While these charges are often referred to as non-recurring or one-off, the truth is that there will be some level of these expenses every quarter. These types of charges typically sum up to a few percent of the total product cost, but they can be greater than 15%. In many procurement organizations, however, there is a near total focus on the product price, while these types of charges can often be dumped into an operational expenses account. The buyer has strong incentives to show stability or decline in the PO price, while using the one-off charges to satisfy the service provider. The service provider gets trained that it is easier to submit one time invoices than to try to change the product price.
When this pricing game is abused, customers lose sight of the true product cost, and a meaningful portion of manufacturing cost remains mis- or un-allocated.
The Cost Accounting Ghost in the ERP Machine
There are many companies who manufactured their own products in the past, but have moved some or all of their manufacturing to an outsourced model. Often such companies still maintain full cost accounting detail on their product in their ERP: Indented BOMs with standard costs at the subassembly level, work centers, standard hours, allocations, etc. This requires significant overhead to maintain, but when the data no longer match the reality of the process, it fails the most important mission of managerial accounting - provide useful information that can be acted on to make improvements. Beware of going through the motions of product costing just because of an antiquated systematic requirement for it. Many companies do have useful cost models of their outsourced products, but they are rarely part of the transactional accounting system.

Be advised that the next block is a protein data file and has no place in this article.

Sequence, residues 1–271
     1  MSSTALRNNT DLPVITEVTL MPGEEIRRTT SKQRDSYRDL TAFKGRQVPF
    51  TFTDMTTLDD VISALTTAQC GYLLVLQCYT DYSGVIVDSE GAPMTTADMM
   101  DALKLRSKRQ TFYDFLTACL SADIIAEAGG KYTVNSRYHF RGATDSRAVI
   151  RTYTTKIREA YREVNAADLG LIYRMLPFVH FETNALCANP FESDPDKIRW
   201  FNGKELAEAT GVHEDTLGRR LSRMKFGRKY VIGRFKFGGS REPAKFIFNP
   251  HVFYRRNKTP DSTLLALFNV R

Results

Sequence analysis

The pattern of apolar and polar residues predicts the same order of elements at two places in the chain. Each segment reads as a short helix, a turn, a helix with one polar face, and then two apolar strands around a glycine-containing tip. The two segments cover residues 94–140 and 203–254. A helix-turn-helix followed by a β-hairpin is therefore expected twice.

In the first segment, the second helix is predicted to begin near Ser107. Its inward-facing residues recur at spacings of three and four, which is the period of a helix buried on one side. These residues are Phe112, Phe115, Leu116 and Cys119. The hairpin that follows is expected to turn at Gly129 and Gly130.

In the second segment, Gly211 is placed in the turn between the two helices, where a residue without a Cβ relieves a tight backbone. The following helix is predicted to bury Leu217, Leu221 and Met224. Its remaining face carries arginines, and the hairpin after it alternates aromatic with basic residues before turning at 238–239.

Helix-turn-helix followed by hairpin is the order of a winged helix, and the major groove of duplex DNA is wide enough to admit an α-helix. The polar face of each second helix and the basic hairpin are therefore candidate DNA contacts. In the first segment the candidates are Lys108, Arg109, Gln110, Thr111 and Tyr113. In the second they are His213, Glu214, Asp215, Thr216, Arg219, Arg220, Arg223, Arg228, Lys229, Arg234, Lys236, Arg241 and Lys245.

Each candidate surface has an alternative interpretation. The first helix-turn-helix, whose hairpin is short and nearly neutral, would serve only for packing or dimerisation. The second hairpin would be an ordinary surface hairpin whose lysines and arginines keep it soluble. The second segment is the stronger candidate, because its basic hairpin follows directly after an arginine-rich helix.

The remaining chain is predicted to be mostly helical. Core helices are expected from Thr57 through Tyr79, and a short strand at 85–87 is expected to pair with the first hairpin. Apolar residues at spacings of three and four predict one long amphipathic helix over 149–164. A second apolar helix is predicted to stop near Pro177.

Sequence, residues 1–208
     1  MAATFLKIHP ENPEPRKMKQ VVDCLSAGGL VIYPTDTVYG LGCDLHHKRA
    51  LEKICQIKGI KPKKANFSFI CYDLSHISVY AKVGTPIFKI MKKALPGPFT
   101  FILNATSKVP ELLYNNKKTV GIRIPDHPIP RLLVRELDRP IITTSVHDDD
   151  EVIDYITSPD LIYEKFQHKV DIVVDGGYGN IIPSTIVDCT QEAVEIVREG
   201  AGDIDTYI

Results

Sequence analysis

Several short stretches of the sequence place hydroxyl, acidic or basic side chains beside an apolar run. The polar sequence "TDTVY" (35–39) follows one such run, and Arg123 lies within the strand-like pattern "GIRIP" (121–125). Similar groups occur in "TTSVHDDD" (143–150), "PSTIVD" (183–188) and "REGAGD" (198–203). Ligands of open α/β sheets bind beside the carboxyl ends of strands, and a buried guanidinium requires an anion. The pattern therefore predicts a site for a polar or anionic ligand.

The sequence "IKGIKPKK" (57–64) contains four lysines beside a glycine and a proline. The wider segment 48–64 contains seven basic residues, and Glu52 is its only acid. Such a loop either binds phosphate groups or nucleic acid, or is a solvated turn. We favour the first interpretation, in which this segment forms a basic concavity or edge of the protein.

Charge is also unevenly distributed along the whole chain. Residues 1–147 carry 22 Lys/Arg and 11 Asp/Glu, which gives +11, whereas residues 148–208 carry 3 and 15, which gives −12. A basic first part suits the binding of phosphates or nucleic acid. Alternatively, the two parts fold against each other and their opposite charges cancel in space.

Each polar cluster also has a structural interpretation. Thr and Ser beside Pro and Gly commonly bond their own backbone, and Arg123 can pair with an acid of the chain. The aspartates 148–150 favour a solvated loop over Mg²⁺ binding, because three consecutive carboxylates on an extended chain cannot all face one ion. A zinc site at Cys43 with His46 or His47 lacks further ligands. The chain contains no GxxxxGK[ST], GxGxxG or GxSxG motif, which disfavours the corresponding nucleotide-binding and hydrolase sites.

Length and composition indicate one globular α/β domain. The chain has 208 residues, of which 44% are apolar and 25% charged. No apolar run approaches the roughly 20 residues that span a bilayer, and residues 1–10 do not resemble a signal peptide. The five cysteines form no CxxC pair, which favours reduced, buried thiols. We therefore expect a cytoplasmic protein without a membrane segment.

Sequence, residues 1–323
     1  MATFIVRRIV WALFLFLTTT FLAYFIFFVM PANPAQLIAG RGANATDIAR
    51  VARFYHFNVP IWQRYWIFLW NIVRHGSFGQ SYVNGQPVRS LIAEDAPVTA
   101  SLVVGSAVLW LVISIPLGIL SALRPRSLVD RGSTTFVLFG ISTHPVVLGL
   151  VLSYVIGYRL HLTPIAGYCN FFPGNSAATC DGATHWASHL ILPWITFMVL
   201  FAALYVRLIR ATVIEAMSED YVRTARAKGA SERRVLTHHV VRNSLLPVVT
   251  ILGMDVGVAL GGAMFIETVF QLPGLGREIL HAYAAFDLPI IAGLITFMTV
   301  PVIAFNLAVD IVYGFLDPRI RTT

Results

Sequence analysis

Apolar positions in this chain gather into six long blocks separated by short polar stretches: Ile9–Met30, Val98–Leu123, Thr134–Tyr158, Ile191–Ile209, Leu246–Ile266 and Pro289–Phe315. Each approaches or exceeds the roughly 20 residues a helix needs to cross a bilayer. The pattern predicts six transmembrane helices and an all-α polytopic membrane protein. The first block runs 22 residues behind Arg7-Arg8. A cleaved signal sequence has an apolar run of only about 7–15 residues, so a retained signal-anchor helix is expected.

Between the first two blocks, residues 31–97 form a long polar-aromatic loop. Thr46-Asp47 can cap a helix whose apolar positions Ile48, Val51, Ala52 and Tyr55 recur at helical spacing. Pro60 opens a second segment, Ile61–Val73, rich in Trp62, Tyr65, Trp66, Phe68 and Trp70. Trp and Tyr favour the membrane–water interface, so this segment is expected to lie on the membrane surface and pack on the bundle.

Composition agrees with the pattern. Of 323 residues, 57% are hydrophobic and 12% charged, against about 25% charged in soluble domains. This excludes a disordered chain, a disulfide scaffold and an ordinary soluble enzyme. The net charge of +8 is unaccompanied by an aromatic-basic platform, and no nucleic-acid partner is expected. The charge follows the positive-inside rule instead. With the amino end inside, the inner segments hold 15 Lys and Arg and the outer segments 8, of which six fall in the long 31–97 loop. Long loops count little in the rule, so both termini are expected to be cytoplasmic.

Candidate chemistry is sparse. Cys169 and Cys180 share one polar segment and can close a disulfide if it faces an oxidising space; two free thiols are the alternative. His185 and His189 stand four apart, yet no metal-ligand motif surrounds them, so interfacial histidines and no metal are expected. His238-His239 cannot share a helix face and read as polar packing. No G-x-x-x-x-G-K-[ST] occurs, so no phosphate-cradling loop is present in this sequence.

Everything Else is SG&A
This problem is the opposite of the one above. This issue is more common at the companies that have no history of manufacturing and little understanding of manufacturing cost. Because most of their cost of goods is the purchased price from a subcontractor, they simply call the PO price the product standard cost and fail to allocate almost everything else.
But all product companies even those with fully outsourced manufacturing have internal costs related to production: Planning, supplier management, quality, etc. Thats in addition to the non-recurring charges described previously. These Other Costs of Goods Sold (everything additional to the direct purchase price) often remain largely unexamined because the quoted product price from the supplier is the primary metric. It is common for a product companys OCOGs to exceed the manufacturing overhead charged by their manufacturing service provider, and yet more effort will be spent squeezing the service provider than reducing internal overhead.
Working Capital isnt Free
Every manufacturing operation requires a certain level of working capital in the form of inventory, and net payables and receivables. Manufacturing service providers will necessarily include a sufficient margin in the product price to provide a rate of return on that capital which is at least equal to their weighted average cost of capital (WACC). Setting a product margin based on return on capital effectively allocates a cost of capital at a product level. Return on working capital is the largest driver of quoted profit in many outsourced manufacturing prices.
As a customer, be aware of the terms that drive more working capital and therefore a higher price:
- Increasing payment terms from the supplier (either contractually or by habitually paying late)
- Requiring the supplier to buy from sub-tier suppliers on very short payment terms
- Requiring buffer stocks
- Frequent schedule changes that drive excess on-hand materials
When you understand the ways that product cost is obscured in an outsourced supply chain, you can manage that cost more effectively. Best of luck managing your product cost in an outsourced world.
Jeff Wallingford is vice president, Supply Chain Strategy for Riverwood Solutions .